Manufacturing Study: It’s not Dutch Disease, it’s China Syndrome
Ottawa, ON -- The Canadian economy doesn't have 'Dutch Disease'; it is in a period of restructuring characterized a...
Ottawa, ON — The Canadian economy doesn’t have ‘Dutch Disease’; it is in a period of restructuring characterized as ‘China Syndrome’, according to a new study released today in the Canadian Economic Observer.
At first glance, the post-2002 boom in commodity prices and exchange rate appreciation in Canada does seem to resemble the events that precipitated Dutch Disease, which refers to the combination of a booming resource sector, a rising currency and a resulting decline in output in manufacturing.
However, the Dutch case involved the discovery of a new resource, while Canada’s recent trend stems from the integration of emerging nations, particularly China, into the global economy. Also, contrary to the Dutch experience, during which manufacturing faltered in the short term, overall manufacturing output in Canada expanded by 1.3% between 2003 and 2006. The construction and services sectors have also exhibited growth.
The arrival of China has simultaneously lowered the prices of consumer goods and raised resource prices. This combination of price changes initiated by China accelerated a widespread restructuring of the Canadian economy. Strong demand from resource industries has led to higher employment and wage growth.
The increased incomes in the resource industries have fed demand for goods and services, supporting growth in areas such as construction and finance and real estate.
At the same time that manufacturing has shed jobs, its overall output remained steady, supported by advances in the production of machinery and equipment, computers and electronics, as well as primary and fabricated metals. Many of the cuts in manufacturing reflected structural changes in areas such as clothing, autos and forestry products that originated for reasons other than the rising exchange rate.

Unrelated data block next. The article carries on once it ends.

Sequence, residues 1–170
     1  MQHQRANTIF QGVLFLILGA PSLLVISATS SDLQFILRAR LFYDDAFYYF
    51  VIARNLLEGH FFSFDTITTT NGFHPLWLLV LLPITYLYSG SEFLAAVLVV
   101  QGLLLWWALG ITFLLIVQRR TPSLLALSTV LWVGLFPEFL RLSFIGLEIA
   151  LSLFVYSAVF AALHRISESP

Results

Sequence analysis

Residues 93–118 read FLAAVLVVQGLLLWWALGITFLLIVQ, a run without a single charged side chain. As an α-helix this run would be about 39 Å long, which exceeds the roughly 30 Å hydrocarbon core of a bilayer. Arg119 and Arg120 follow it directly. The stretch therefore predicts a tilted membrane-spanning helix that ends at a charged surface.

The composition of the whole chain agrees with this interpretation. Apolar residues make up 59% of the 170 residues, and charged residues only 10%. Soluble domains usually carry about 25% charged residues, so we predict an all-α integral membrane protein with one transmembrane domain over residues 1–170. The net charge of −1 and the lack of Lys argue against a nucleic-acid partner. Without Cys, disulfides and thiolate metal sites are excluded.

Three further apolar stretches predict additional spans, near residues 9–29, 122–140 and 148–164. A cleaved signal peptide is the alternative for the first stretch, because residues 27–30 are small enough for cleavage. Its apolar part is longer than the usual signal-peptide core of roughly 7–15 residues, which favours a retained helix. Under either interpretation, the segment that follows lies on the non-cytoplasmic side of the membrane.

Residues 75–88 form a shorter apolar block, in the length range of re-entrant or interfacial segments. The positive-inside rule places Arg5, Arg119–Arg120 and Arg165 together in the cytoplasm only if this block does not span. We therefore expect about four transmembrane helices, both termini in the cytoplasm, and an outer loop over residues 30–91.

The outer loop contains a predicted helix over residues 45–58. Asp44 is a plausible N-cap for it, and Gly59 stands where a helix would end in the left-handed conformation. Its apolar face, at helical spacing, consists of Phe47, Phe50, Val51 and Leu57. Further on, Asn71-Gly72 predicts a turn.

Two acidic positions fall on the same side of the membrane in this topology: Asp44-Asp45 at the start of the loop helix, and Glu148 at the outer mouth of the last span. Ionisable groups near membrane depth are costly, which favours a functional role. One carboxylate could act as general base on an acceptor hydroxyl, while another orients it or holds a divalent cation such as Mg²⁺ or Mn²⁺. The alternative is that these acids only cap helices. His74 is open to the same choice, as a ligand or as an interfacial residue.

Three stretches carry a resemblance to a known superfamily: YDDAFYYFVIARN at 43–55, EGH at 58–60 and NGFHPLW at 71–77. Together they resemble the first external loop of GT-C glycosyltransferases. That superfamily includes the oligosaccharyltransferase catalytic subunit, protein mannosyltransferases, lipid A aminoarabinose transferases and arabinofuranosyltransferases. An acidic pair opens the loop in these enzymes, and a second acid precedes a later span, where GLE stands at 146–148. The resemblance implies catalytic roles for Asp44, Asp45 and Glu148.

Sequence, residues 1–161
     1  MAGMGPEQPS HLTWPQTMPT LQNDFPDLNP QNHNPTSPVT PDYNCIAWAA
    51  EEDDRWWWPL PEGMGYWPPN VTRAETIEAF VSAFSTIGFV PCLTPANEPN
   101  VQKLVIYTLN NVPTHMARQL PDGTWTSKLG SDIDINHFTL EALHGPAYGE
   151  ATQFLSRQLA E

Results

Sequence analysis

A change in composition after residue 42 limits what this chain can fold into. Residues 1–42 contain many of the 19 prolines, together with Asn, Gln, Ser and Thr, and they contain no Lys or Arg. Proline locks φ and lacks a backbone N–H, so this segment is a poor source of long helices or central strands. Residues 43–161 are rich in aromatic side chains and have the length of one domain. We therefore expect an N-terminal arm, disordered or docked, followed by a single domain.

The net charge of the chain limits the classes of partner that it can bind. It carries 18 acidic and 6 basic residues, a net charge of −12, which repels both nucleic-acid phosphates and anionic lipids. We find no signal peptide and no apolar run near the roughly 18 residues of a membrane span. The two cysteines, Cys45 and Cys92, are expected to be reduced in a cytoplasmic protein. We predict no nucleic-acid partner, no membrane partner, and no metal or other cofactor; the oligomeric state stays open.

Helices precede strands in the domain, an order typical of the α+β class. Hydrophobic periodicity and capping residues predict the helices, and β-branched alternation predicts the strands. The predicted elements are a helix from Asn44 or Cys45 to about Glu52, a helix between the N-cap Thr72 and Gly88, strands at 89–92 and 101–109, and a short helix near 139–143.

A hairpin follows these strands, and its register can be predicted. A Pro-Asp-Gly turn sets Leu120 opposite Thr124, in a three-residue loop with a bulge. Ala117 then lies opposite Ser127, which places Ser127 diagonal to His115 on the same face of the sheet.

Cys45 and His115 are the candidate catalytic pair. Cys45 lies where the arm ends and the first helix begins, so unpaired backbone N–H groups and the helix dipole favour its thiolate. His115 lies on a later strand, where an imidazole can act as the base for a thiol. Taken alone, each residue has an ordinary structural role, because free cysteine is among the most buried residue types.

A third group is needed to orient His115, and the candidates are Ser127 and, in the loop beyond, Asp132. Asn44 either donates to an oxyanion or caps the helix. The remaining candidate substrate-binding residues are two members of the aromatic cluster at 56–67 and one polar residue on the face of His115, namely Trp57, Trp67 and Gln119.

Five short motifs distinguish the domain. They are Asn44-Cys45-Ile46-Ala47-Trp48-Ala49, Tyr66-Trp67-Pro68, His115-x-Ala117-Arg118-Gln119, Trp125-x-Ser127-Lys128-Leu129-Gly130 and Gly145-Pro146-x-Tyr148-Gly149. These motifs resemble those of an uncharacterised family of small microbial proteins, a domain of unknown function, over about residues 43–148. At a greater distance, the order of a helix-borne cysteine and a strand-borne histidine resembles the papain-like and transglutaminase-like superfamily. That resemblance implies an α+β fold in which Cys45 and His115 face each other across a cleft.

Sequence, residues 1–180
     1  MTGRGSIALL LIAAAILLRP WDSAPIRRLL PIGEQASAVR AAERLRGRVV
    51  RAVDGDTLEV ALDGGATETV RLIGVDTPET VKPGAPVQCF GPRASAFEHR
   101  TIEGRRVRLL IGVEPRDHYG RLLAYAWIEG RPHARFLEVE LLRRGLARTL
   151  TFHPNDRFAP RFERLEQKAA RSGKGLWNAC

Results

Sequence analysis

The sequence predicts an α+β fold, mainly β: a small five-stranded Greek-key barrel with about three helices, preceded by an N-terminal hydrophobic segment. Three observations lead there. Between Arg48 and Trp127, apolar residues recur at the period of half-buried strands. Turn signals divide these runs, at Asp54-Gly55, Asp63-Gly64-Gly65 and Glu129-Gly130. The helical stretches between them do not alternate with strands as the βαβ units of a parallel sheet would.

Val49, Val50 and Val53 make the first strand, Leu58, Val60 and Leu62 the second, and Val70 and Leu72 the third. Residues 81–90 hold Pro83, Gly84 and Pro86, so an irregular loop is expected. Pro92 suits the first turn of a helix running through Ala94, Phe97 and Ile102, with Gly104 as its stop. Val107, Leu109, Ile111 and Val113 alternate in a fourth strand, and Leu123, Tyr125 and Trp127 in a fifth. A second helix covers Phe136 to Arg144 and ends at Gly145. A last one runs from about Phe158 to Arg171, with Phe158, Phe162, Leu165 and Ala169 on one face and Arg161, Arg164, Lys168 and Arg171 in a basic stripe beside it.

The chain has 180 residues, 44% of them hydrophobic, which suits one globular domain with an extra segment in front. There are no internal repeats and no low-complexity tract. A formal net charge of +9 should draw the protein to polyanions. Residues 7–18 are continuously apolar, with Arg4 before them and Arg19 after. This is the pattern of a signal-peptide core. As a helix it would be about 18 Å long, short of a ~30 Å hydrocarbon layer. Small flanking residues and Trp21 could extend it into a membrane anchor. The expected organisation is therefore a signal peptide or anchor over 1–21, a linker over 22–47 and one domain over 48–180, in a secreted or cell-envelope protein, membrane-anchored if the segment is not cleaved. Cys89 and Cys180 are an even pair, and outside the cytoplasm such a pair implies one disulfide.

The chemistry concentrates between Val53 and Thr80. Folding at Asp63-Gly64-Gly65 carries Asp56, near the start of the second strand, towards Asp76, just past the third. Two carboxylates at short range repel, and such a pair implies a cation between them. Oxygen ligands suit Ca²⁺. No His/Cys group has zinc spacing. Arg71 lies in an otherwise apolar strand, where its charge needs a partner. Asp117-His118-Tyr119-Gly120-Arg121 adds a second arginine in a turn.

Not only are wages and incomes on the rise but the appreciating Canadian dollar, rising commodity prices and falling manufacturing prices have meant that Canadians’ purchasing power has increased. As Canada’s terms of trade improved, with imported goods becoming relatively less expensive even as resource prices rose, Canada has been able to turn its resource exports into more imported manufactured products.
The integration of emerging countries into the global economy is symbolized by the surge in China’s growth, which coincided with the boom in resource prices after 2002. The resource boom in Canada resulted in higher wages, attracting individuals, primarily from the Atlantic Provinces, to the West, notably Alberta. Inter-provincial net migration to Alberta averaged 24,000 per year from 2003 to 2006. In 2006 alone, Alberta received 57,000 migrants from other provinces, the largest movement of people to a province on record back to 1972.
The research paper “Not Dutch Disease, it’s China syndrome” is now available as part of the Insights on the Canadian Economy Paper Series (11-624-MIE2007017, free) from the Publications module of the Statistics Canada website, www.statcan.ca.
This article can also be found in the August 2007 Internet edition of Canadian Economic Observer, Vol. 20, no. 8 (11-010-XWB, free), also available online.